'As an avid record collector, I love nothing more than a challenge.' Paul McDermott previews An Draíocht – the music of Sliabh Luachra, his new Lyric Feature documentary.
A few years ago I watched a YouTube video in which my friend Eoin Stan O'Sullivan, Sliabh Luachra Musician in Residence, interviewed the renowned Sliabh Luachra fiddle player Paddy Jones.
The interview ultimately sent me on a search to track down a series of old vinyl records and to learn more about the music of Sliabh Luachra.
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Sliabh Luachra is the border region of Northwest Cork, East Kerry and Limerick. It stretches from the Mullaghareirk Mountains in the north where the River Blackwater rises and follows the path of the river south to Rathmore. It’s an area hard to define geographically but Castleisland in Co. Kerry is often thought of as its western flank and Newmarket in Co. Cork its eastern.
An upland boggy region, Sliabh Luachra literally translates to "the rushy mountain" or "the mountain of the rushes". It’s a region renowned for its high concentration of musicians and its own unique style of Irish traditional music, predominately a repertoire of polkas and slides.
Stan asked Paddy to describe the music of Sliabh Luachra. "This is always the problem, trying to define the indefinable," said Paddy.
"The draíocht, if it can be defined, it’s no longer draíocht, it’s a reality. That’s what makes it the draíocht, it’s not a reality, it’s in the realm of legend. Magic doesn't fully express this. The draíocht takes you into the dimension of the imagination. When you hear great musicians playing music like this it takes you on the magic carpet, the magic ride of the imagination."
I was gobsmacked. Paddy was describing the pleasure of listening to music in terms I’d never heard before: an draíocht – "the magic". Paddy continued and described the music of his music teacher, the famed musician, Pádraig O’Keefe. He also spoke about The Star Above the Garter, the 1969 album by siblings Denis Murphy and Julia Clifford that was released on Claddagh Records.
I had heard the names Pádraig O’Keefe and Denis Murphy before and I associated them with Liam Clancy. I knew I had an old vinyl record with them on it. The Lark in the Morning, a beautiful compilation album subtitled "Folk Songs and Dances From the Irish Countryside". It features Liam Clancy, Tommy Makem, Paddy Tunney, Peg Power and a host of others. I had bought it years ago in a secondhand record shop after reading Liam Clancy’s autobiography, The Mountain of the Women.
The Lark in the Morning collects songs that were recorded by Diane Hamilton, heiress to the Guggenheim empire, in the summer of 1955. Sure enough there on the backcover was a photo of a young smiling Liam Clancy. Above Liam is an iconic photograph of Pádraig O’Keefe. He has a glass of stout in one hand and his fiddle and bow in the other.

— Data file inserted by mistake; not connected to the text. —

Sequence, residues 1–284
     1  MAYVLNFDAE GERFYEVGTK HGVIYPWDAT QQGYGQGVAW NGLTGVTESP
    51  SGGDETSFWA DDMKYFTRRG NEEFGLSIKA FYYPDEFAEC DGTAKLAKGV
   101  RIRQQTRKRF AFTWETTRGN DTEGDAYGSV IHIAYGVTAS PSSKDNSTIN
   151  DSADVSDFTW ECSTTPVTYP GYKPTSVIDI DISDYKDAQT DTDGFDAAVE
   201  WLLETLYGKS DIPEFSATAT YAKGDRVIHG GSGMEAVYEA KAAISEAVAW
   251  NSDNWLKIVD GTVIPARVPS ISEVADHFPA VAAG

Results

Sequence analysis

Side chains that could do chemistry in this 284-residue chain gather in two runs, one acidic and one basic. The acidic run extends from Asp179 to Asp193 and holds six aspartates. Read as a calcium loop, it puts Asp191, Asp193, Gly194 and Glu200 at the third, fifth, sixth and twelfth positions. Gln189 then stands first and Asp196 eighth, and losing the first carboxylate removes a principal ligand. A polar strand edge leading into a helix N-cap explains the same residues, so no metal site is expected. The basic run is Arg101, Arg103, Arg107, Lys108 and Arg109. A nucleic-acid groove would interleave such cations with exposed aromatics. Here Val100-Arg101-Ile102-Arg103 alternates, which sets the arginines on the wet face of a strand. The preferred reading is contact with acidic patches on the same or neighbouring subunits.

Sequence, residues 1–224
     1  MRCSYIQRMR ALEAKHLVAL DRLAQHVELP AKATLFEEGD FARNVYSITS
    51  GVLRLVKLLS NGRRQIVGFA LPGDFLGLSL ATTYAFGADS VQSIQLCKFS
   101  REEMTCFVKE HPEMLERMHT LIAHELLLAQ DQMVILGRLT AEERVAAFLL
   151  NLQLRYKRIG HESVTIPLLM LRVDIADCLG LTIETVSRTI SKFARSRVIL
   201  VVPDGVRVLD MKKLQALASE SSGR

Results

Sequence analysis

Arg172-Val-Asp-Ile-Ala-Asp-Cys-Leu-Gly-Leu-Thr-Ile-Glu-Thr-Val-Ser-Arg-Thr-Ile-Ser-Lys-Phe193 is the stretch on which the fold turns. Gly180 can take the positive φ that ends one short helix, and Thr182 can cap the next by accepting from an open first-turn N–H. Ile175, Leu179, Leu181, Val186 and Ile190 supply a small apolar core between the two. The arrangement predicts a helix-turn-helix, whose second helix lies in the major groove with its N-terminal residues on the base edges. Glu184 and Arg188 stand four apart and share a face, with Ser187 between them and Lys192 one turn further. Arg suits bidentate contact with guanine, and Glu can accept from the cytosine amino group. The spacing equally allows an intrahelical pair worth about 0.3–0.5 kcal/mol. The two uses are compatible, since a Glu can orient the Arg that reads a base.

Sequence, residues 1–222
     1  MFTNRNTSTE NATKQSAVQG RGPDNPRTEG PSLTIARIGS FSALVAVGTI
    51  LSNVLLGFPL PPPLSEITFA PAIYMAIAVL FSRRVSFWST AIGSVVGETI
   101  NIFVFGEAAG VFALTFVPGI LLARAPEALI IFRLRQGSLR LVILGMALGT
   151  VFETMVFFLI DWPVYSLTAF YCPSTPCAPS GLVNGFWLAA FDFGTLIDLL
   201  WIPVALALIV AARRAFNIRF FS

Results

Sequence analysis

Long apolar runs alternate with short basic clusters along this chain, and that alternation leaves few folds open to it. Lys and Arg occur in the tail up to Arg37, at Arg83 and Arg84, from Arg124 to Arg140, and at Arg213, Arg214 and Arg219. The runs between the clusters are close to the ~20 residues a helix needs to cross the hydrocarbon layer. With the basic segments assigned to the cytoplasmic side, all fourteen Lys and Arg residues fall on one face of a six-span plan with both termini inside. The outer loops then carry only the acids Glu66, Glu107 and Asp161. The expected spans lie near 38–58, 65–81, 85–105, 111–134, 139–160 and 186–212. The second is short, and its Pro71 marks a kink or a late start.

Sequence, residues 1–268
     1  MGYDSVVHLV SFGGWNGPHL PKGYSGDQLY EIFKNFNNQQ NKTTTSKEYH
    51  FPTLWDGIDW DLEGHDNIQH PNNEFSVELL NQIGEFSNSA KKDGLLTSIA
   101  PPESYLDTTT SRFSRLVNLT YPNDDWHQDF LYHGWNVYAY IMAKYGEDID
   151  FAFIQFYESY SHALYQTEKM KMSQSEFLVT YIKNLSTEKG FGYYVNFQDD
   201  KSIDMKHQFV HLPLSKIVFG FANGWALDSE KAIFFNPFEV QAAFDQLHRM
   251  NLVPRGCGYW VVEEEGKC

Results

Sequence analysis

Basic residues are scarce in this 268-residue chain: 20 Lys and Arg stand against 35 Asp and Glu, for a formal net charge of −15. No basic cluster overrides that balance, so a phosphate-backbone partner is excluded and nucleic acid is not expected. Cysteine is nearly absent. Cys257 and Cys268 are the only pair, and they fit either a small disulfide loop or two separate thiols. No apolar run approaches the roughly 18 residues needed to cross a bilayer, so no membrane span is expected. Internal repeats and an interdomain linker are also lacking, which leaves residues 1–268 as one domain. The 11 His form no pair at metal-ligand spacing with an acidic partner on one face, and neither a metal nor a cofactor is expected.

Liam Clancy accompanied Hamilton around the country when she recorded these tunes. In his book he describes finding O’Keefe in a pub in Castleisland: "The treasure that emerged from the session was the photograph of Pádraig with the glass of Guinness in one hand and the fiddle and bow in the other. Look carefully at the bow. See? The strings are held away from the wood by the cork of a porter bottle. Many musicians pay thousands of dollars for the right bow to suit them. Vanity!"
I wanted to learn more about Sliabh Luachra and I wanted to hear this music. I contacted Stan and asked for his help. He told me to try and track down The Star Above the Garter. He advised that, "it may take a while to get used to it but it’s the real thing in its rawest form." He cautioned me, "hard to come by on vinyl and I’d say it’s because anyone who had it wore it out."
Now anyone who knows me will fully understand that this was akin to a gauntlet being thrown at my feet. As an avid record collector, I love nothing more than a challenge. The quest was on, I’d find it. I searched car boot sales, antique shops, secondhand record shops, flea markets and record fairs. Eventually I found The Star Above the Garter and along with it I discovered Kerry Fiddles, an O’Keefe, Murphy and Clifford album. This record turned out to be Volume One of a Six Volume series of vinyl records titled Music From Sliabh Luachra that was released on Topic Records, the famed British Folk label, back in 1977. My search was cast wider, if this was just one of six - then obviously I needed to track down the other five volumes and complete the set. Obviously, right? At the point where I thought my quest was ending it turned out to be only just beginning. As Paddy Jones might have put it, I had stepped onto the magic carpet.
My immersion in this music and tradition was aided by Stan. Together we travelled to Cork and Kerry visiting villages and townlands surrounding the River Blackwater trying to describe the magic of this music and its origins in the "rushy mountain". Along the way I recorded stories of the Sliabh Luachra masters and we met musicians young and old. Ultimately as my quest climaxed, the realisation dawned on me that my embrace of this tradition’s past was matched by Stan’s passionate compulsion to push the tradition forward and safeguard its future. I was obsessing over old vinyl LPs whereas Stan was forging forward releasing music by a new generation of talented musicians.
I didn’t get to meet Paddy Jones as he sadly passed away on the 30th of May 2020. He inspired my quest so in his honour I’ve named the documentary An Draíocht. It’s about a search for records, it’s about looking into the past at a musical tradition while at the same time pushing that tradition forward.
An Draíocht airs on the Lyric Feature, Sunday 12 March, 2023 on RTÉ Lyric fm - listen to more from The Lyric Feature here.